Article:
The Merle Kling Undergraduate Honors Fellowship is excited to welcome its 2019–21 cohort. The seven fellows, accepted as sophomores, will pursue two-year independent research projects in the humanities or humanistic social sciences under the supervision of a faculty mentor.
The breadth of projects — from examining the relationship between typography and linguistics to ethnographic studies of trans-exclusionary practices in contemporary North American Paganism — reflects the commitment of the Center for the Humanities to interdisciplinary inquiry and collaboration. The new cohort of fellows will participate in a weekly seminar to workshop and review drafts of one another’s work and interact with faculty and graduate fellows at the humanities center. They were selected for their scholarly excellence and promise to conduct original research.
- L Cohen (Linguistics and Communication Design) will study a potential relationship between the graphic form of letters in the Latin alphabet and their phonetic categorization (vowel or consonant).
- Grace MacArthur (Sociology and Comparative Literature) will study the intersection of transphobia and cissexism with feminist spirituality in Pagan literature, online discourse, and lived experience.
- Nicci Mowszowski (German and International & Area Studies) will explore the role that memorial language plays in constructing and reflecting distinct cultural memories of the Holocaust.
- Efua Osei (African & African-American Studies and Political Science) will examine illustrations of Black love and Black romantic relationships through popular Black cultural productions of the ’90s to investigate depictions of femininity, respectability politics, and the romantic realities of Black women.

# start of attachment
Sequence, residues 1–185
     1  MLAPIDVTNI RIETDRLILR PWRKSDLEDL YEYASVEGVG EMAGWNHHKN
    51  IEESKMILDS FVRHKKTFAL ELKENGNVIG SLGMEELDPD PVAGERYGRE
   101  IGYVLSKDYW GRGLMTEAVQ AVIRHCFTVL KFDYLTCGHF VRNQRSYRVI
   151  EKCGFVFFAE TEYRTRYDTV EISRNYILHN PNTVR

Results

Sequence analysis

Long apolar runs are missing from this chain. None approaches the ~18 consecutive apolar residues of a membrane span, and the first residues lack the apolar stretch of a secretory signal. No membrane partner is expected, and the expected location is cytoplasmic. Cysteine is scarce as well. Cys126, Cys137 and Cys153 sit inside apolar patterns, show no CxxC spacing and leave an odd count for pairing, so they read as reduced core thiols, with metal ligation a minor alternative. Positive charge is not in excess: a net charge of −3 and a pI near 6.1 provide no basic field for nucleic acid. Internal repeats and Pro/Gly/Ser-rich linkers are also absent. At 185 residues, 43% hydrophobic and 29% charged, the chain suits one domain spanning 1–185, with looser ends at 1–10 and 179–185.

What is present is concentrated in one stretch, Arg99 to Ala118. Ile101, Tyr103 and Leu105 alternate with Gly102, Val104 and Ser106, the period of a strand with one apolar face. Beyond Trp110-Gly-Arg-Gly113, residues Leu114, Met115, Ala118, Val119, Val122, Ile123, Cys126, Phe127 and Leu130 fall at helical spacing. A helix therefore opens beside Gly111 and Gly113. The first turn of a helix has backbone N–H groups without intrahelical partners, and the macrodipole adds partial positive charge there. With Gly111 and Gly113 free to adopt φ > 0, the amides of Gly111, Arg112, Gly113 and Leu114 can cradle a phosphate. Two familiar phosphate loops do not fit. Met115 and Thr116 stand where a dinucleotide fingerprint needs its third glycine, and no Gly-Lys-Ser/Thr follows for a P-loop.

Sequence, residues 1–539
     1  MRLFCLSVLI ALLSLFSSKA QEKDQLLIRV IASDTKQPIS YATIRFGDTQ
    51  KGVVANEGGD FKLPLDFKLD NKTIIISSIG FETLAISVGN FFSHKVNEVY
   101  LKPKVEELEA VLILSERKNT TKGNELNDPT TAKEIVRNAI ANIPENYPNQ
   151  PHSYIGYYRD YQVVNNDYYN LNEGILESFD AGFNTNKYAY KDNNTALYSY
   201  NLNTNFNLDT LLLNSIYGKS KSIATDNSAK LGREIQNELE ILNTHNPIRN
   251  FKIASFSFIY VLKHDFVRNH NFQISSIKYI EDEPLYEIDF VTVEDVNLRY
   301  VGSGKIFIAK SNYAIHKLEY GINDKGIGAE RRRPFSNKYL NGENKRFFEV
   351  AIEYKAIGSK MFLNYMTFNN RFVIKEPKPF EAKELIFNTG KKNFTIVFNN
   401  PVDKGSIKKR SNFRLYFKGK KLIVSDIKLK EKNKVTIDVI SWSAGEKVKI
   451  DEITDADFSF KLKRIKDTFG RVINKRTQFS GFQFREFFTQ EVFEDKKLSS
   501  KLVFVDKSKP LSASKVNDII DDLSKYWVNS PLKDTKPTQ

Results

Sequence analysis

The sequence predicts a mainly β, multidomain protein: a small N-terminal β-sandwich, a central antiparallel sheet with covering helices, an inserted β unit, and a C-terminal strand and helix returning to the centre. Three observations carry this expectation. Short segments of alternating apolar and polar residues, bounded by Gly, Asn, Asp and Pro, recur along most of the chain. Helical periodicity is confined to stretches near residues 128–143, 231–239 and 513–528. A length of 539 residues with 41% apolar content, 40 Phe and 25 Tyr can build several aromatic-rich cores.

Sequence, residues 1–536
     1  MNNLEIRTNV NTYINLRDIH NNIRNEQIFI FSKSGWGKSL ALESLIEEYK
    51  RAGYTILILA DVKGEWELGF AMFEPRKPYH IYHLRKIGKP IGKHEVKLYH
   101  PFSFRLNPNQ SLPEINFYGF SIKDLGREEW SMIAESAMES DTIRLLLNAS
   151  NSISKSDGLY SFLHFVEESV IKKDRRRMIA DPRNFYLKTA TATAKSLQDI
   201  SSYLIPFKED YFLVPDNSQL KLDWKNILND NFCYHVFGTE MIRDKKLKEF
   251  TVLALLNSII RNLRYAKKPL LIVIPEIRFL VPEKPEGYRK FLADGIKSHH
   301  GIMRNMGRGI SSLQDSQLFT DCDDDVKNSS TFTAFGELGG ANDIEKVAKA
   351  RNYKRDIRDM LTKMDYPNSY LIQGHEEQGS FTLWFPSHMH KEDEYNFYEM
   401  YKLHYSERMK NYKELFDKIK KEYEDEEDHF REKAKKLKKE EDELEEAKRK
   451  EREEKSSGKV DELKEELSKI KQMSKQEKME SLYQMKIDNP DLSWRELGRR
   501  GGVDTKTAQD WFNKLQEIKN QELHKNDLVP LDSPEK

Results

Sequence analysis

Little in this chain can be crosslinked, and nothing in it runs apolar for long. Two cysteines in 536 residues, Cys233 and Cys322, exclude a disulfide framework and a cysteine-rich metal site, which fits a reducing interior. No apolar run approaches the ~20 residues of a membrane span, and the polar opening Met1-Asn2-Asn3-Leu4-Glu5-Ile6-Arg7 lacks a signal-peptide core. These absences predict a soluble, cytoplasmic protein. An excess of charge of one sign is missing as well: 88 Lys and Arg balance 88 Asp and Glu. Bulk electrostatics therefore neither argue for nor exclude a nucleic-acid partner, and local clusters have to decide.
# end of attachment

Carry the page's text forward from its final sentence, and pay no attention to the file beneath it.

- Elizabeth Schwartz (English and History) will examine the commodification of authors of color in the global literary marketplace and the possibility of metafictional narratives to subvert those trends.
- Kaysie Wachs (Religious Studies and Classics) will analyze how Mary Magdalene was portrayed in early Christian texts and how she is used by modern feminists scholars to debate women’s authority in Christianity.
- Hannah Ward (History and Art History & Archaeology) will research ethical methods practiced by museums surrounding the possession of these pieces of art in American museums and investigate why some of these pieces have not yet been returned.
The cohort’s projects will almost certainly change over the course of the fellowship, part of the process as each one sharpens and often reorients their research questions and goals. We look forward to seeing everything the new Kling Fellows will accomplish!
Seth Blum is program assistant for the Merle Kling Undergraduate Honors Fellowship Program.